George Weinberg, in Society and the Healthy Homosexual of 1972, coined the term homophobia to refer to the psychological fear of homosexuals and homosexuality. That definition, however, is limited in its focus, as it neglects wider structural sources behind the taboo of same-sex sexual relationships and the negative attitudes and intolerance shown toward any gender or sexual nonconformity in society. Additionally, this concept should also include internal manifestations of self-hatred in GLBTIQ (gay, lesbian, bisexual, transgender, intersexed, or questioning) individuals because of the stigma associated with their sexuality or gendered orientation.
Newer terms, such as heterosexual hegemony, come across as better expressions to describe an ideological system that denies, denigrates, and stigmatizes any nonheterosexual form of behavior, identity, relationship, or community. At issue is sexual prejudice, the negative attitudes based on sexual orientation, whether the target is homosexual, bisexual, or heterosexual (e.g., “fag” discourse among boys). Unlike homophobia, it conveys no a priori assumptions about the origins, dynamics, and underlying motivations of anti-gay attitudes. Also, using the construct of sexual prejudice does not require value judgments that anti-gay attitudes are inherently irrational or evil.
Homophobia includes bias against family forms that do not conform to heteronormativity. One cited example of such bias was the threat by U.S. Secretary of Education Margaret Spellings to stop federal funding of a PBS kids’ show, Postcards From Buster, because of a controversial episode. The airing of the 2005 “Sugartime!” episode (also called “Sugarland”) was halted because it featured a lesbian couple and their family on a maple sugar tree farm in Vermont. The show is about a cartoon character, Buster, who encounters real-life diverse families, as representative of different regions, religions, and racial/ethnic groups across the United States. The bias in U.S. society against same-sex marriage is also a form of homophobia, particularly with the “defense of marriage” policy arguments that these types of families will lead to the destruction of society.
Other structural examples of homophobia exist in the “don’t ask, don’t tell” policies used by the military to ban homosexuality; widespread lack of legal protection from anti-gay discrimination and hostility toward individuals and their families in employment, adoption, custody, health care, housing, and other services; the differential treatment of homosexual and bisexual people with HIV or AIDS; and the existence of sodomy laws in more than one third of U.S. states. Extreme forms of homophobia can also be found in hate crimes and anti-gay violence, such as the murders of Matthew Shepard and Billy Ray Gaither because of their sexual orientation.
Complicating any charges or discussion of homophobia is the fact that some people believe homosexual behavior is a sin. Believing that is not necessarily homophobic, but it often gets charged as such when a minority person’s reaction might be that of sensitivity toward a perceived prejudice. It is a difficult issue we face as a society, as some people are unwilling to approve of a lifestyle or orientation that they do not believe in or understand, but that does not make them homophobic. However, there is a difference between remaining true to one’s moral values and attempting to impose one’s values or judgments upon others.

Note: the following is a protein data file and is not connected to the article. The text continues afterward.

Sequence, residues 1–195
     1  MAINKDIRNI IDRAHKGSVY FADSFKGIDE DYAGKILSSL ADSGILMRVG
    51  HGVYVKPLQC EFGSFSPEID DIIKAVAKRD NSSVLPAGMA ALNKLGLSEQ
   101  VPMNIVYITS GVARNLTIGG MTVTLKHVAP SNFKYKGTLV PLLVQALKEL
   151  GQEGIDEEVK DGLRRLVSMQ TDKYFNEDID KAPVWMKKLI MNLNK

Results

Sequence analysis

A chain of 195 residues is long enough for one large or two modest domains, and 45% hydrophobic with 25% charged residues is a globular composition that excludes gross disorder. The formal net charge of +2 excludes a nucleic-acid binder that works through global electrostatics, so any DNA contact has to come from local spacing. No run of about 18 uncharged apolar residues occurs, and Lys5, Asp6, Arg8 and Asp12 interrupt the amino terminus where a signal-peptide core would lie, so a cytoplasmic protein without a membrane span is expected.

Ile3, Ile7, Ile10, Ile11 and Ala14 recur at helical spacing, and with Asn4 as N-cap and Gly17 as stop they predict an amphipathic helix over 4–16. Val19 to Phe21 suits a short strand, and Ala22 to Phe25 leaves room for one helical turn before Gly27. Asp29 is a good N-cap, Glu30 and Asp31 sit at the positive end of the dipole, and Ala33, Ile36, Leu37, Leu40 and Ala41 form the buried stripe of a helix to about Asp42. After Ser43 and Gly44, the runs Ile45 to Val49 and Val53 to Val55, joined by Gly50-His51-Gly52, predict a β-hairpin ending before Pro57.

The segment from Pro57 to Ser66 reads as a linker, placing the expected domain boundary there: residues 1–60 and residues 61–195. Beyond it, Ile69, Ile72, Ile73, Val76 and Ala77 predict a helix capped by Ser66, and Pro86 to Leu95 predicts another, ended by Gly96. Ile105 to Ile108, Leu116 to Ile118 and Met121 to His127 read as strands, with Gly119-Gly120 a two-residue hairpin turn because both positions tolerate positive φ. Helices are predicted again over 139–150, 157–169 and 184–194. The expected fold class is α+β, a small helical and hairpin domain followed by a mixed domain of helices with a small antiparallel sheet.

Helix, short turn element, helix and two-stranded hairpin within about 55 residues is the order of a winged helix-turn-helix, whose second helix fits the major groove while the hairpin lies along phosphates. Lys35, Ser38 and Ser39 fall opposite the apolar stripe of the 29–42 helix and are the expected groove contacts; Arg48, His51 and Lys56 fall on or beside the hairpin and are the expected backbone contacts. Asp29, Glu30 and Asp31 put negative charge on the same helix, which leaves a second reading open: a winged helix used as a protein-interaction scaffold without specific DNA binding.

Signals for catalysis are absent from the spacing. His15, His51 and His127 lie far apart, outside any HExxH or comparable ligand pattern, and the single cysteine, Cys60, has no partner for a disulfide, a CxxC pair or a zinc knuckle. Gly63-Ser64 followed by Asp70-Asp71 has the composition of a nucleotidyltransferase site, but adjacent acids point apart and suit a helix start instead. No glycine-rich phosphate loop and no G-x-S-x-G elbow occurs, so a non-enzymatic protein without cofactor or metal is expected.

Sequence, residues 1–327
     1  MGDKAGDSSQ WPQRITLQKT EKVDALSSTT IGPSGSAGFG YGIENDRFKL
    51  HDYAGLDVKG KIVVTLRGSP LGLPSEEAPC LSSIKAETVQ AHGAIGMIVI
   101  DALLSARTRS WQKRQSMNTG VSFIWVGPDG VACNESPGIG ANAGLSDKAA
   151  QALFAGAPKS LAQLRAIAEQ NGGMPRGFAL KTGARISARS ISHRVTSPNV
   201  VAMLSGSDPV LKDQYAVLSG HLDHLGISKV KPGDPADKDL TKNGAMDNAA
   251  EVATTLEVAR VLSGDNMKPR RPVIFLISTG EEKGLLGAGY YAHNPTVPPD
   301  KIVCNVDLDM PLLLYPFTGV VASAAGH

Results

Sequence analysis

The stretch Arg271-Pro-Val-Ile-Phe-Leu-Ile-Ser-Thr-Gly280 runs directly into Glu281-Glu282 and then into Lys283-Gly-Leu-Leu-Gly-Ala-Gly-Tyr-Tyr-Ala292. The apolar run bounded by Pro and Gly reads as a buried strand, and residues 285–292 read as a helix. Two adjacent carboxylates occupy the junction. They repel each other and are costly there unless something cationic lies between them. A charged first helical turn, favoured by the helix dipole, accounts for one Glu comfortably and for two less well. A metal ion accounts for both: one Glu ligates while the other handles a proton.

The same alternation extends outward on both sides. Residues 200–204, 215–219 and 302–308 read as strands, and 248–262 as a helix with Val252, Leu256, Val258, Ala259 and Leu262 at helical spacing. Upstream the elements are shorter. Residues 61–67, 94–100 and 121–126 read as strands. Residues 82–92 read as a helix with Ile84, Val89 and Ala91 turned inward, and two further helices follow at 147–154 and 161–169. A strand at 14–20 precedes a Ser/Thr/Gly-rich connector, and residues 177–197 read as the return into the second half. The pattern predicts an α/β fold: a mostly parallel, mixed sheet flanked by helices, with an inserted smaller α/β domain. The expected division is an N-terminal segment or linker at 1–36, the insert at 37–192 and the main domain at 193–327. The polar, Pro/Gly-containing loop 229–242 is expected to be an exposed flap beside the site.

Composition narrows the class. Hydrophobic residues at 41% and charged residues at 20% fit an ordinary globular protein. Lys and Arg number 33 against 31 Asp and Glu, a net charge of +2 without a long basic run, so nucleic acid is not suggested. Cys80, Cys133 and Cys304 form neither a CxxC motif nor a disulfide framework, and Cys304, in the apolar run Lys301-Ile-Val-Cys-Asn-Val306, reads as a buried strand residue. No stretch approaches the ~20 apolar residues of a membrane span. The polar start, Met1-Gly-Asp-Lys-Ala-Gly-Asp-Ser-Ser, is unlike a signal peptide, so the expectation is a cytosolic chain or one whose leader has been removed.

Homosexuality was listed as a mental illness in the American Psychiatric Association’s Diagnostic and Statistical Manual of Mental Disorders (DSM) until 1973. However, many still uphold sexual conversion therapy (aka sexual reorientation) as a cure for what is still perceived to be an identity disorder characterized by distress over one’s sexual or gender orientation or from outside pressure from society or family to change. Research shows that homosexual and bisexual men and women are at a higher risk for mental health problems because of the stigma and stress that they face. Suicide rates among gay or questioning teens remain at relatively high levels in comparison with their peers.
Advocates insist that a real need exists to change the way in which society frames sexuality and gender orientations, as there is much misunderstanding over “nature versus nurture” in sexual orientation (e.g., Do gay parents affect their child’s well-being?) as well as misconceptions about sexuality (e.g., Is there a link between homosexuality and child sexual abuse?). Some suggestions for eradicating sexual stigma and prejudice include education; getting to know gay, lesbian, bisexual, and transgendered people and their families (e.g., through the organization PFLAG [Parents, Family and Friends of Lesbians and Gays]) by listening to their coming-out stories and experiences; and developing an “allies” support network among heterosexuals for GLBTIQ communities.
- Adam, Barry D. 1998. “Theorizing Homophobia.” Sexualities 1(4);387-K)4.
- “Assault on Gay America; The Life and Death of Billy Jack Gaither.” 2000. Frontline Video Archives. Retrieved March 29, 2017 http://www.pbs.org/wgbh/pages/frontline/shows/assault/billyjack/).
- Blumenfield, Warren J., ed. 1992. Homophobia: How We All Pay the Price. Boston; Beacon Press.
- Fone, Byrne. 2000. Homophobia: A History. New York; Picador.
- Herdt, Gilbert and Terry S. Stein, eds. 2004. “Homophobia and Sexual Prejudice.” Special Issue of Sexuality Research and Social Policy1(2).
- Herek, Gregory M. “Beyond Homophobia” Blog. Retrieved March 29, 2017 (http://www.beyondhomophobia.com/blog/).
- Sears, James T. and William L. Williams, eds. 1997. Overcoming Heterosexism and Homophobia: Strategies That Work. New York; Columbia University Press.
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